7 Things To Know About High-Functioning Autism

Do you know what it means to have high-functioning autism?

High-Functioning Autism (HFA) is not recognized as a medical diagnosis. Rather, it refers to people with a much milder form of autism, who need only minimal supervision and has no intellectual disabilities. Still, High-Functioning Autism is still autism and it’s not an easy condition to live with.

Autism Spectrum Disorder (ASD) is a neurodevelopmental disorder characterized by difficulties with social interaction and communication. Other notable features include flat or monotonous speech,  a lack of eye contact, unusual posture, and repetitive body movements (Seltzer, et al., 2003). Not all these symptoms will be present across all cases of autism because the condition varies with severity. 

Recent surveys show that autism affects 1 in every 68 children in the American population, making it one of the most prevalent developmental disorders in the United States (Xu, Strathearn, Liu & Bao, 2018). ASD is often diagnosed in children from the ages of 2-5 years old, but symptoms can start to surface as early as 12-18 months. The earlier a diagnosis is made, the easier it will be to treat the child. 

With that said, here are 7 things you need to know about High Functioning Autism:

1. There Are Varying Levels of Autism

First and foremost, it’s important to understand that autism is a spectrum disorder. What this means is that cases of Autism Spectrum Disorder (ASD) are categorized according to their degree of severity. There are three levels, with level 1 being the mildest and level 3 being the most extreme. Once a child is diagnosed with ASD, the attending physician or psychologist usually tries to gauge their level by assessing their emotional intelligence, social capabilities, and both verbal and nonverbal communication skills. What we refer to as High Functioning Autism is known as level 1 autism. Those at this level generally have the fewest symptoms, and so, have an easier time navigating their work-life, academic life, and social relationships (Shopler & Mesibov 2013).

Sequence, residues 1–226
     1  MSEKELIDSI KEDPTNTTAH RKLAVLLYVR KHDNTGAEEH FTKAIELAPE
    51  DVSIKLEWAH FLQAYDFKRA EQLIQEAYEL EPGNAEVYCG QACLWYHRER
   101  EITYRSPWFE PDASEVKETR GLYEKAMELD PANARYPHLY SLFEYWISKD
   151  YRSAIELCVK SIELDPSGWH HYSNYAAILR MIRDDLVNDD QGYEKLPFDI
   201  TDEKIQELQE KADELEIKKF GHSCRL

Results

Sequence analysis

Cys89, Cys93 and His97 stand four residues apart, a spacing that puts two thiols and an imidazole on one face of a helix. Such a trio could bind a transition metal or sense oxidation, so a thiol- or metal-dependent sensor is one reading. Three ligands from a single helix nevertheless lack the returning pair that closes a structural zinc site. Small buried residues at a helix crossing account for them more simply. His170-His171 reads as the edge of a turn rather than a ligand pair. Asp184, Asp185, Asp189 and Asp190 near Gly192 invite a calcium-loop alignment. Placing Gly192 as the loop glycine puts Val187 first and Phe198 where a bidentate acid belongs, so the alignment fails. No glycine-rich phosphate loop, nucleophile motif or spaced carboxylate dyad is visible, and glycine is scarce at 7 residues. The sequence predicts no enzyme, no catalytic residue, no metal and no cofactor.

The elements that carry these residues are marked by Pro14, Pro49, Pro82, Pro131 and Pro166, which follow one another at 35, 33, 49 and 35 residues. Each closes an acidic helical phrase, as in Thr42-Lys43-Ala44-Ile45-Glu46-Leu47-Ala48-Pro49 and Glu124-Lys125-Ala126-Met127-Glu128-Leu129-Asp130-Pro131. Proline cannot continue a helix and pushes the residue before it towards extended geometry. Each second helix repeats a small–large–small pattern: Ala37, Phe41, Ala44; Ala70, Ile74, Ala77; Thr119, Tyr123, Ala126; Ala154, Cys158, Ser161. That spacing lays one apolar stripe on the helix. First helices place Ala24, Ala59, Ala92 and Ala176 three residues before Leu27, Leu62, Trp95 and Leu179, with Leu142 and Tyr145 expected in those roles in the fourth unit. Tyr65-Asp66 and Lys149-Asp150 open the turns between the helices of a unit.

2. HFA Used To Be Called Asperger’s Syndrome

Before the latest edition of the Diagnostic and Statistical Manual of Mental Disorders (DSM-5) combined all autism-related conditions under the umbrella term ASD, Autistic Disorder (its old name) was considered separate from Asperger’s syndrome (American Psychological Association, 2013). This was because, for the longest time, only people with very severe symptoms were diagnosed with autism and it wasn’t until the early 1990s that psychologists began to recognize its milder forms (National Institute of Neurological Disorders and Stroke, 2018). 

Asperger’s syndrome shares many of the same key characteristics as Autistic Disorder or ASD; patients typically display social impairment, communication deficits, and monotonous speech. The main difference is, those with Asperger’s have average to high intelligence and normal development of their language, cognitive skills, and age-appropriate self-help skills. This means that their autism is much more manageable and has a much lesser impact on their day-to-day life.

3. People With HFA Still Need Support

Having said that, however, while HFA is certainly the mildest form of autism, people with HFA still require special care and attention. They may have difficulty getting along with others and maintaining meaningful relationships. They need help understanding simple social cues (like humor, sarcasm, etc); take everything we say at face value; and don’t feel the need to be mindful of their words like most of us do. 

And while many of those with high functioning autism go on to do amazing things – like Charles Darwin, Emily Dickinson, Albert Einstein, Steve Jobs, and Bill Gates – they still need guidance from time to time because of their tendencies to be obsessive, frantic, stubborn, overly rigid, and socially inept.

4. People With HFA are Self-Aware